The position of Australia in the rest of the world geographically is important to consider when pondering whether the way we watch favours global cultural diversity over Australian Content. ‘Cultural Diversity’ is not what springs to mind when looking up at cinema and television screens across the nation. All that can be seen is America. The commercial performance of Australian films is often disappointing (Aveyard, 2011,p.35). Taken in conjunction with Screens Australia’s dismal track record, it is ‘not encouraging’ for the future of Australian Content production (2011,p.37). The big issue here is as discussed previously- not talent or audience, but that Australian films are no often served well by traditional marketing models 2011,p.38). The venues that screen the films are often booked out up to a year in advance for consistent supply of American films- leaving little room for locally produced content (2011,p.40), and the marketing budgets of Australian Content is insignificant in comparison with American films. Australian films tend to be smaller and more character focused than the big budget American blockbusters- and this is what we go to the cinema for.
An escape, a adventure, a view to a window into another world. This is demonstrated by the fact hat Hoyts will convert all of its screens to 3-D capable digital viewing (2011,p.41). The way to circumvent this is to take advantage of alternative distribution methods such as Netflix and VOD (Van Hemet & Ellison 2015,p.39).
It has been argued that when the US-Australia Free Trade Agreement was signed, Australian policy makers failed to take into account the consequences of the agreement for national culture industries such as film and television (Breen 2015,p.657). Despite this the most important and effective protectionist policy remained in tact- the determination of content quota.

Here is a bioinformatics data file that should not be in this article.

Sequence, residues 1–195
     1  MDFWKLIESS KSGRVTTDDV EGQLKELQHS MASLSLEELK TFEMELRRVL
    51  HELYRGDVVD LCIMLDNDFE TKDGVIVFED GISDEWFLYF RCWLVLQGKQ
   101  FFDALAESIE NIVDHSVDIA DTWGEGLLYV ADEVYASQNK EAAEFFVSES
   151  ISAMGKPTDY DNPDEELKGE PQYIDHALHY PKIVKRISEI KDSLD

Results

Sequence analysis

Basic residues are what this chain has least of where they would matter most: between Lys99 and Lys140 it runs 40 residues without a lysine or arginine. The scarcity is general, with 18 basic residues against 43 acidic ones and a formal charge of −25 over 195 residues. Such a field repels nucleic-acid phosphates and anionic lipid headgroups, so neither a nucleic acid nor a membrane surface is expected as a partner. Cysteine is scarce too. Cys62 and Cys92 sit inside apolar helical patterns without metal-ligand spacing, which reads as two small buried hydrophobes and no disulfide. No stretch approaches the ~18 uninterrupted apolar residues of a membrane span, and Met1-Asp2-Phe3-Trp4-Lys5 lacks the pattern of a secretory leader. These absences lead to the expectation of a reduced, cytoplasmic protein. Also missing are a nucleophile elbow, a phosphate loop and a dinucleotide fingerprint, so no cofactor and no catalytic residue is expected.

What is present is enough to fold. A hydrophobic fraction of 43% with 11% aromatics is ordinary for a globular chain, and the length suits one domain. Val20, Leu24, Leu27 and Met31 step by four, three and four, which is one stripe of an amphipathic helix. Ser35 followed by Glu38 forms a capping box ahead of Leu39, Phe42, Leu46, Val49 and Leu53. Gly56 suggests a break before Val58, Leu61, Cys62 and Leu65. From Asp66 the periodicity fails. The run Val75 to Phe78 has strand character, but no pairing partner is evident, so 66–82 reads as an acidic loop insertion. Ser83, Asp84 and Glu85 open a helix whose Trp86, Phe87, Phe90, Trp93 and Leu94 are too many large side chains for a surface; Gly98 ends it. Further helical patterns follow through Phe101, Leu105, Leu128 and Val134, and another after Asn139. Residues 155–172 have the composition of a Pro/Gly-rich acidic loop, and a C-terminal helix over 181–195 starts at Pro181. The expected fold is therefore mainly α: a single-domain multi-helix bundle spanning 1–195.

- 55% of television programs had to be Australian.
- Up to 25% of existing quotas for commercial radio
- Subscription television had to spend 10% of programing budget + general entertainment channels on new Australian drama, with an increase of up to 20% and an extension of the 10% requirement for other genres (2015,p.663).
Despite this we still see a ‘problem’ with Australian content and in my view the distribution model is the main factor. The way we view content is changing, and the avenues for the type of content we are producing (character driven stories as opposed to action blockbusters) to be easily viewed is becoming more accessible- calling into question the ‘value and importance of traditional cinema exhibition’ ( 2015,p.46). The digital world is changing the way we do things at a rapid pace, and no amount of policy and trade agreements are going to prevent that change- Australian producers need to work with the tide for them to benefit. As I mentioned previously, in Australia- the screen is our window to the world and the desire to view through it is not going to disappear.
Breen, Marcus (2010) “Digital determinism: culture industries in the USA-Australia free trade agreement”. New Media and Society (12) 4, p 657-676.
Aveyard, Karina “Australian films at the cinema: rethinking the role of distribution and exhibition”. Media International Australia. February 2011, No. 138. p 36-45.
Van Hemert, Tess and Ellison, Elizabeth (2015) “Queensland’s film culture: the challenges of local film distribution and festival exhibition”. Studies in Australasian Cinema. 9:1. p 39-51.